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Finding the Potential

  1. Dec 29, 2006 #1
    This one is from Liboff(p6.8)

    Given the wavefunction:
    [tex]\psi(x, t) = A exp[i(ax - bt)][/tex]
    What is the Potential field V(x) in which the particle is moving?
    If the momentum of the particle is measured, what value is found(in terms of a & b)?
    If the energy is measured, what value is found?

    My Work:

    [tex]\psi(x, t) = A exp[i(ax - bt)][/tex]
    I took the partial derivatives wrt to t and x:
    [tex]\frac{\partial \psi}{\partial t} = -(ib)\psi[/tex]

    [tex]\frac{\partial^2 \psi}{\partial x^2} = -a^2\psi[/tex]

    Time dependent Schrodinger's equation is:
    [tex]i\hbar \frac{\partial \psi}{\partial t} = -\frac{\hbar^2}{2m}\frac{\partial^2 \psi}{\partial x^2} + V(x)\psi[/tex]

    Substituting the above values in this equation:

    [tex]\hbar b \psi = \frac{\hbar^2 a^2}{2m}\psi + V(x)\psi[/tex]

    Dividing throughout by [itex]\psi[/itex] and rearranging, I get the potential field as:
    [tex]V(x) = \hbar\left(b - \frac{\hbar a^2}{2m}\right)[/tex]

    Am I going right? Before I can proceed furthur...
     
    Last edited: Dec 29, 2006
  2. jcsd
  3. Dec 29, 2006 #2
    :surprised

    The calculation seems correct, though.
     
  4. Dec 29, 2006 #3
    Sorry, I realised my mistake but I got disconnected before I could correct it. I've corrected it now. :biggrin:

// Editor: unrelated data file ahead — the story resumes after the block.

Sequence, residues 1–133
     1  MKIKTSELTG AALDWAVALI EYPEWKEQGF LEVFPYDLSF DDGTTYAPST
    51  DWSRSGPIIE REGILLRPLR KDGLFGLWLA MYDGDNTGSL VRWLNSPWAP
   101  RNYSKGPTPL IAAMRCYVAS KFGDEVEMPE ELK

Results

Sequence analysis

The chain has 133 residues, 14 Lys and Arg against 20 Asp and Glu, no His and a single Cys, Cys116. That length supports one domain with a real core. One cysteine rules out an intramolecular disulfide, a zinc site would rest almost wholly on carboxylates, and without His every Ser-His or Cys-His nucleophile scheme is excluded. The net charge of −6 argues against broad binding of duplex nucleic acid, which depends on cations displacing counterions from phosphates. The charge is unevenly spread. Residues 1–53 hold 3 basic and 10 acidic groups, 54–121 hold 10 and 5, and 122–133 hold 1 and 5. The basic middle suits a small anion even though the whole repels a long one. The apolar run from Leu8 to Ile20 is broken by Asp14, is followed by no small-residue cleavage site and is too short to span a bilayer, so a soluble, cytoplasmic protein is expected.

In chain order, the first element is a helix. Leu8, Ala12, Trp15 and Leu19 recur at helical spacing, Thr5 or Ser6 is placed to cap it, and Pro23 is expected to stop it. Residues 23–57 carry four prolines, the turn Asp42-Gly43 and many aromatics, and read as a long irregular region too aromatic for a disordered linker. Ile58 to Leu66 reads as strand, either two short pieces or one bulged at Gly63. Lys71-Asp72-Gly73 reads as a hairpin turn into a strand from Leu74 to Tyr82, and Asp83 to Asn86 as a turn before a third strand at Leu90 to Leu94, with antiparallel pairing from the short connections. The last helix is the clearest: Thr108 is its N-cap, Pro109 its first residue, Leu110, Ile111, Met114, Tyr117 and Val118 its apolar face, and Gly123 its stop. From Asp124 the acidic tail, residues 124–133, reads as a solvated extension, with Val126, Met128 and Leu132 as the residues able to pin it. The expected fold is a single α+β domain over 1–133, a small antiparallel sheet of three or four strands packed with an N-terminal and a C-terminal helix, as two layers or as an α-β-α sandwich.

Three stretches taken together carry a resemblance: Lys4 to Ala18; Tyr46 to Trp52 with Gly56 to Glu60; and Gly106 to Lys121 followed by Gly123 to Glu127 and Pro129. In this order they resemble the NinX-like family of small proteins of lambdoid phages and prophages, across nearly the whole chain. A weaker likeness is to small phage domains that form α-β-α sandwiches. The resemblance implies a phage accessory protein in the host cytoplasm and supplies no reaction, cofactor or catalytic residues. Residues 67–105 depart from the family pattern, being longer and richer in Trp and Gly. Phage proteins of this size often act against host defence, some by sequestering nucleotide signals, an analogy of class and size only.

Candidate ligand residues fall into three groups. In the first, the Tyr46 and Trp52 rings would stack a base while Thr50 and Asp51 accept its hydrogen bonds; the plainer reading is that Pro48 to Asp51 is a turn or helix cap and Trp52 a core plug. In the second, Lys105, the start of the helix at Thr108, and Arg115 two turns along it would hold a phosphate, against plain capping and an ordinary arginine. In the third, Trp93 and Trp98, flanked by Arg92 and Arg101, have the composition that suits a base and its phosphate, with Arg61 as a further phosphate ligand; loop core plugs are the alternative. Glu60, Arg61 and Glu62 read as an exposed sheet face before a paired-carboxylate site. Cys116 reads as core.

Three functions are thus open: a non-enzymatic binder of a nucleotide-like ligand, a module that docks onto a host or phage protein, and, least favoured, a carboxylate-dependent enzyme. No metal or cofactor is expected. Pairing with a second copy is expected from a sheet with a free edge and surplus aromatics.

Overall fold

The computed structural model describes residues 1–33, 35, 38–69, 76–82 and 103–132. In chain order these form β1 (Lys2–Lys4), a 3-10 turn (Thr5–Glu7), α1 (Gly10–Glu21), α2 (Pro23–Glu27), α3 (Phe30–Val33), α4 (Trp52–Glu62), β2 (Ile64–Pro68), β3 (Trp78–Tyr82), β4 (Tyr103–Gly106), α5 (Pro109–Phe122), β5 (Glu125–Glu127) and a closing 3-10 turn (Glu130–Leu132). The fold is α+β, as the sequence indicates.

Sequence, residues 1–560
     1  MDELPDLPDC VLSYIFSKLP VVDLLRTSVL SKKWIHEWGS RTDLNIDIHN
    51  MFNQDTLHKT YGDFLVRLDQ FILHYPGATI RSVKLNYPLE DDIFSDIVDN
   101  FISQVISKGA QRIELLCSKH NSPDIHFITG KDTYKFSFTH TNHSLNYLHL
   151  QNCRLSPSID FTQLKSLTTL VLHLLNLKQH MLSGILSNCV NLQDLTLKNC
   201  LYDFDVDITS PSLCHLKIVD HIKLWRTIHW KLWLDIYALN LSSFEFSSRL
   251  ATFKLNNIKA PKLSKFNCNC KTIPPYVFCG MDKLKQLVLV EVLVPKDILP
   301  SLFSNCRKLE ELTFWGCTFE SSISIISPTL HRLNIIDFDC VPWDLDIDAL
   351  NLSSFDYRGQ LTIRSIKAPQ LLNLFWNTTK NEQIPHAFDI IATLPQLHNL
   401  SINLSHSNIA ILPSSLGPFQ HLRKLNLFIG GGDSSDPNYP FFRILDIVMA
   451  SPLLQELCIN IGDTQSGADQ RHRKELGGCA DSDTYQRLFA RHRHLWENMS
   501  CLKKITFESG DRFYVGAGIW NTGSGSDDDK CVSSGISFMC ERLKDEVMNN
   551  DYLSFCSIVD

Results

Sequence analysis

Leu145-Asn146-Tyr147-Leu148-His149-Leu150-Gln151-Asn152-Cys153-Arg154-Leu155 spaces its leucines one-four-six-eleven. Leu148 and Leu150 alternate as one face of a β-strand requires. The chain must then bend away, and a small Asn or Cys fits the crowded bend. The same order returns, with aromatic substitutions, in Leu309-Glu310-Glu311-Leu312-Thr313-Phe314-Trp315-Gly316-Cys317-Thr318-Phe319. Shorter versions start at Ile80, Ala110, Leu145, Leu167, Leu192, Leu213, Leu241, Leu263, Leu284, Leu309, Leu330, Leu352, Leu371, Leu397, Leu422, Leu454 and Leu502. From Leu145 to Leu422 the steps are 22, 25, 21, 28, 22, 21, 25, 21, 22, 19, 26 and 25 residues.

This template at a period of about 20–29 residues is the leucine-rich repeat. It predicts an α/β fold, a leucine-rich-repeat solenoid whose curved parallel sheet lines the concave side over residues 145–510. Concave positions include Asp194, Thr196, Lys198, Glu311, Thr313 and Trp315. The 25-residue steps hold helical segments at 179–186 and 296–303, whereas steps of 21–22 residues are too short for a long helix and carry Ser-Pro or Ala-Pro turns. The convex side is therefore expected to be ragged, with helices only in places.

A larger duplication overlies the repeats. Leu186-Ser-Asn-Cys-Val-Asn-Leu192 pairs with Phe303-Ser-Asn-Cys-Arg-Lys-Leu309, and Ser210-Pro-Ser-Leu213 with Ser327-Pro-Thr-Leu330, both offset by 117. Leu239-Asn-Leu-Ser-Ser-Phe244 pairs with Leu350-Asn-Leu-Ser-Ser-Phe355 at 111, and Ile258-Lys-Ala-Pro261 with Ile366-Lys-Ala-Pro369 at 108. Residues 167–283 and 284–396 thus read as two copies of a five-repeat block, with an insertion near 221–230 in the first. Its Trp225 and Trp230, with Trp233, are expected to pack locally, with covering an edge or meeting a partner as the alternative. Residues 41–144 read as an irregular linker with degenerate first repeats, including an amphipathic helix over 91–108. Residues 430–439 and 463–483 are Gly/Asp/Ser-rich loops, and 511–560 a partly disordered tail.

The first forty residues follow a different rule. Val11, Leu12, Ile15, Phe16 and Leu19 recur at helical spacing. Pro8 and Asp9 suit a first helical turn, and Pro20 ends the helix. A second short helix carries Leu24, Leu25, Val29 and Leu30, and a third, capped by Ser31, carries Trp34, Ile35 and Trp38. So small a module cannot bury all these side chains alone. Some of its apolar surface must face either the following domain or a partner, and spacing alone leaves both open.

5. Dec 29, 2006 #4
    Now I have to get an expression for the momentum.
    [tex]p = \hbar k[/tex]
    [tex]V(x) = {1\over 2}kx^2[/tex]

    Equating this to the other expression of V(x) would mean an x2 term in the momentum expression. I am confused over this. :frown:
    [tex]k = {{2\hbar}\over x^2} \left(b - \frac{\hbar a^2}{2m}\right)[/tex]
     
  6. Dec 29, 2006 #5

    Gokul43201

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    Didn't you just find out that V(x) is a constant potential? Look at your answer for V(x) above. Why are you assuming that V(x) should now be a harmonic potential?

    Given a wavefunction, how do you calculate the values of observables?
     
  7. Dec 30, 2006 #6
    Use the operator relation?
    [tex]\hat p = -i\hbar\frac{\partial}{\partial x}[/tex]

    [tex]\hat H = -\frac{\hbar^2}{2m} \frac{\partial^2 }{\partial x^2}[/tex]
     
  8. Dec 30, 2006 #7
    Where does the above harmonic V(x) come from ?
    Your original way of working is correct. I didn't check all the algebra though.

    marlon
     
  9. Dec 30, 2006 #8
    Sorry! I made an erroneous assumption. :blushing: I think using the operator relation is the correct technique. Am I right?
     
  10. Dec 30, 2006 #9
    yes

    marlon
     
  11. Dec 30, 2006 #10

    Gokul43201

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    This is correct.

    This isn't right. The RHS is simply the kinetic energy, not the total energy.
     
  12. Dec 30, 2006 #11
    For the first part of working out the potential, you have to employ the TDSE, this is true.

    However, you should recognise that this is the wavefunction for a free particle, in the form:

    [psi] = Aexp[i(kx - wt)], where A = normalisation factor, p=[hbar]k, E = [hbar]w.

    Hence in this example, p = [hbar]a, E = [hbar]b.

    You may use the operator relations p[hat] = -i[hbar]d/dx, and H[hat] = i[hbar]d/dt to show this.

    Notice also how V = [hbar]w - ([hbar]k)2/2m = [hbar]w - p2/2m
    So V = E - KE
    i.e. Potential Energy = Total Energy - Kinetic Energy

    Which agrees with Total Energy = Kinetic Energy + Potential Energy
     
    Last edited: Dec 30, 2006
  13. Dec 31, 2006 #12
    Thanks for the responses Gokul, Marlon and Worzo! Things are making better sense now. :smile:
     
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